Money Skills for Kids while School is Out
Studies have shown that children form their attitudes and habits around money when they are as young as seven. So, why not use the coronavirus lockdown as the opportunity to teach the younger generation these valuable skills?
Helen Driver, from Woodbridge, had a 20-year career in finance – working as a city fund manager and investor in the stock market as well as volunteering with school financial education workshops for children and delivering a workshop for the BBC Breakfast business team.
It was a statistic from the London Institute of Banking and Finance (LIBF) about financial education that planted the seed for Helen to create the Moneyready platform.
Money management became part of the national curriculum in 2014, however recent research from the LIBF revealed that the mandate to teach money management has been largely ignored – 82% of students claimed they do not learn enough about money in school.
In March she launched Moneyready, which uses a series of interactive games, lessons and quizzes to teach children about a range of finance-related subjects, as part of a fun, accessible programme.
“There is a growing epidemic of debt and parents are desperate for help to arm their children with the financial acumen they need to deal with the responsibilities that come with adult life,” she explained. “They need to understand more about things such as savings, loans, mortgages, interest rates, pension schemes and credit cards.
“The Moneyready platform is designed to be used at both home and school so with UK families housebound due to Covid-19, why not start that education at home?”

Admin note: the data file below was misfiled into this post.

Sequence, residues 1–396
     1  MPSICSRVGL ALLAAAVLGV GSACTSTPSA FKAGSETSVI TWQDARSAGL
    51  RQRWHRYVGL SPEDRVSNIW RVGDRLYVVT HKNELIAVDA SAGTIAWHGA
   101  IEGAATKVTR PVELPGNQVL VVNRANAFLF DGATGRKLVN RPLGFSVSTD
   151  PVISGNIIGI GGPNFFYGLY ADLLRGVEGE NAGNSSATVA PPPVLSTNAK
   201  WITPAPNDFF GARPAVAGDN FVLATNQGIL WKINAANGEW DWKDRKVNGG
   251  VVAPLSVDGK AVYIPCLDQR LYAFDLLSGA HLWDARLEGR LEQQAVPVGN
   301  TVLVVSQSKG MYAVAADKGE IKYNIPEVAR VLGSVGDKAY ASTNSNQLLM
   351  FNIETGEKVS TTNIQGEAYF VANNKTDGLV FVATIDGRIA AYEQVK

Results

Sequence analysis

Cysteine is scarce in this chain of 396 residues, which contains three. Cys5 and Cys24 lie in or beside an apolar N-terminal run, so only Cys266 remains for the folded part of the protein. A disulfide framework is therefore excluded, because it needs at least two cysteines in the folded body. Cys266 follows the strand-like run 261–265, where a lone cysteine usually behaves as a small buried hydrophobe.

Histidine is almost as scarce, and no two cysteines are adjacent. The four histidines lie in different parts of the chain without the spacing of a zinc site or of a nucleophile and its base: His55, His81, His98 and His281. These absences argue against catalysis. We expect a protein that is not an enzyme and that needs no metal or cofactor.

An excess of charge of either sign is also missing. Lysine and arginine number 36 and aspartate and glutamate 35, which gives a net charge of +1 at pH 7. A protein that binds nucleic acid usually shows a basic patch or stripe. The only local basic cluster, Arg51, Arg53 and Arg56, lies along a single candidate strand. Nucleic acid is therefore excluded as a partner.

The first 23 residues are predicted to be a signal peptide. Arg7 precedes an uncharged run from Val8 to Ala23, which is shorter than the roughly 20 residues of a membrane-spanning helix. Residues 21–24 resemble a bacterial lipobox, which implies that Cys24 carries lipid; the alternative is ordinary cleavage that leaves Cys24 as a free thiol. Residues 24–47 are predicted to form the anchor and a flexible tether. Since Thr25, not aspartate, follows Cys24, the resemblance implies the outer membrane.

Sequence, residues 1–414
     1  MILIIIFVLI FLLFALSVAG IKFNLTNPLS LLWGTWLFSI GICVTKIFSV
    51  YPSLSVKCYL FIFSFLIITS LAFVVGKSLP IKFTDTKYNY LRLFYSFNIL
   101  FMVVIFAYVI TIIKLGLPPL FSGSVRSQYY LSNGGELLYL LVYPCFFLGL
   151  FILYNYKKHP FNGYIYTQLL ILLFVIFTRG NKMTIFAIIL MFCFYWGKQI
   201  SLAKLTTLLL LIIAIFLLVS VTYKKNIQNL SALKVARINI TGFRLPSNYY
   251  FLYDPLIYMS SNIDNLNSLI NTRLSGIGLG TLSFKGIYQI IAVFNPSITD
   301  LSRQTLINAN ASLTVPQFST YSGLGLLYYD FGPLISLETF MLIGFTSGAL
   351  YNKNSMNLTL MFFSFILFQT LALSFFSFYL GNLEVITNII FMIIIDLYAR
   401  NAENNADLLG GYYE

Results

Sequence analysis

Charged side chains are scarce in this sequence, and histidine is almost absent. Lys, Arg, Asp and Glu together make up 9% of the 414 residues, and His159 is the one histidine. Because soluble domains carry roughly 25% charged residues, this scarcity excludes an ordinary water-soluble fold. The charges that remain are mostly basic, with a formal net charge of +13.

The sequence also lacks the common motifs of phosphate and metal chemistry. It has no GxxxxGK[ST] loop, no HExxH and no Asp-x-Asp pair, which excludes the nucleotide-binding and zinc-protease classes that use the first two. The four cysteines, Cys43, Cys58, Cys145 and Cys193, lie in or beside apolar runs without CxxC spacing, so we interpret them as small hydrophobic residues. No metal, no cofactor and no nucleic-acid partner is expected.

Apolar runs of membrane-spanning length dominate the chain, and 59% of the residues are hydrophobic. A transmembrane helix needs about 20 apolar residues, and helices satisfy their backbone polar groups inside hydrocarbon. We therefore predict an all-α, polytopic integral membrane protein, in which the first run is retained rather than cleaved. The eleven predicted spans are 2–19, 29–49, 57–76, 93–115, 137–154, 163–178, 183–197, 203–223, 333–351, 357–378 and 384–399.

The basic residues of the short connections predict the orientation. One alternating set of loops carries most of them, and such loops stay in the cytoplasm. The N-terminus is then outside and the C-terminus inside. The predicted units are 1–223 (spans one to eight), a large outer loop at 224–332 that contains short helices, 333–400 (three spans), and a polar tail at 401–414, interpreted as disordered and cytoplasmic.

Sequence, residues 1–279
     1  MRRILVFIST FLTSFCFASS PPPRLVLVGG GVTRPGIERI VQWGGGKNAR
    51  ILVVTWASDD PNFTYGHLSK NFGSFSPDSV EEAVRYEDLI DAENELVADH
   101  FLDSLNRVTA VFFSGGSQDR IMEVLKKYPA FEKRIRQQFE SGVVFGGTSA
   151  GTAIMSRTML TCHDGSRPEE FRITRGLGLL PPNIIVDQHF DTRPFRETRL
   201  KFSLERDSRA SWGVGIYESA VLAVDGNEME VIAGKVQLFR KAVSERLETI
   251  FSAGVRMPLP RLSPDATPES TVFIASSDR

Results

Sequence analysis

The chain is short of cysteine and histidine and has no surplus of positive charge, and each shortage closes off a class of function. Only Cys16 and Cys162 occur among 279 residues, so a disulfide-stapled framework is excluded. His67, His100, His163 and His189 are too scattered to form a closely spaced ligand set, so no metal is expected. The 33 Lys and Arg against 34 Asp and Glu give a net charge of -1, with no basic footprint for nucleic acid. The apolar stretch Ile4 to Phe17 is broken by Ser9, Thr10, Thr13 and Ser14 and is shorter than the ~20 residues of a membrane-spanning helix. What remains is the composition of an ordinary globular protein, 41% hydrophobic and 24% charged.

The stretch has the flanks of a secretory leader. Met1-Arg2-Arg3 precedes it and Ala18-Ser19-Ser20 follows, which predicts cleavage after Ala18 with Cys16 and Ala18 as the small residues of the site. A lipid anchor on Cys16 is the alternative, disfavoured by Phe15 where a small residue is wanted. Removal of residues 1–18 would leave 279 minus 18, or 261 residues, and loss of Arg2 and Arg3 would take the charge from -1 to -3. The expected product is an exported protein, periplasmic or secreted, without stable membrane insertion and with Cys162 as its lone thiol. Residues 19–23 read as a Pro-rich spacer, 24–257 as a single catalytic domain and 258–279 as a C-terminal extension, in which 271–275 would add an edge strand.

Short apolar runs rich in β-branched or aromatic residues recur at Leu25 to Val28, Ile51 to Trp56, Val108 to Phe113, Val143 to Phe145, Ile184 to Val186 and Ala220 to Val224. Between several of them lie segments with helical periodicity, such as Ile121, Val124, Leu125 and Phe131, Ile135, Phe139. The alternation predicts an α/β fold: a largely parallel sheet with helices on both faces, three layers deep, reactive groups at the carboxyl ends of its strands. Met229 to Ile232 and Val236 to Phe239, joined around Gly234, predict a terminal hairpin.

Moneyready is pitched at three levels – seven to 11, 11 to 14 and 14 to 18-year-olds, with each level becoming progressively more complex. It is cloud-based and accessible via a tablet, laptop or desktop computer.
Helen, a mother-of-two, added: “Teaching this via technology is key. We all know that children respond well to learning through a screen; whether it’s an app, platform or website offering lessons on phonics, numeracy or literacy.”
It covers all the areas of financial education a young person needs to prepare themselves for going out into the world as an adult.
Helen said: “Managing money is a fundamental life skill regardless of whether you are the brightest child or struggle academically or whether you have little or lots of money. Moneyready is all-inclusive.”
Programmes are designed to allow children to self-guide themselves through the content, minimising time required for lesson planning and marking and the need for specialist knowledge.
The parent or teacher can then oversee which elements the child has completed and how well they have grasped the subject from the results of a quiz.
Moneyready has been created using a talented pool of Suffolk-based developers and designers. It can be accessed via a single subscription – with a parent setting up an account – or through a school subscription. Moneyready is currently freely available to schools during the lockdown period. Simply email firstname.lastname@example.org to be set-up today.
For more information about the platform, visit www.moneyready.org
Helen Driver is pictured with her Moneyready platform.